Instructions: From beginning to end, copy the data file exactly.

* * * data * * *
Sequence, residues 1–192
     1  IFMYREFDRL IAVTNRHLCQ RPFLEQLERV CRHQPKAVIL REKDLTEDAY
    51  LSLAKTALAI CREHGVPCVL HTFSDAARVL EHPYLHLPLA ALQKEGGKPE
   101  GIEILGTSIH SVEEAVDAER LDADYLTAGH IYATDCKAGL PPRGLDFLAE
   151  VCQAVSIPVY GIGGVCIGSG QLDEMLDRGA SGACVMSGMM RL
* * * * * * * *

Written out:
Sequence, residues 1–192
     1  IFMYREFDRL IAVTNRHLCQ RPFLEQLERV CRHQPKAVIL REKDLTEDAY
    51  LSLAKTALAI CREHGVPCVL HTFSDAARVL EHPYLHLPLA ALQKEGGKPE
   101  GIEILGTSIH SVEEAVDAER LDADYLTAGH IYATDCKAGL PPRGLDFLAE
   151  VCQAVSIPVY GIGGVCIGSG QLDEMLDRGA SGACVMSGMM RL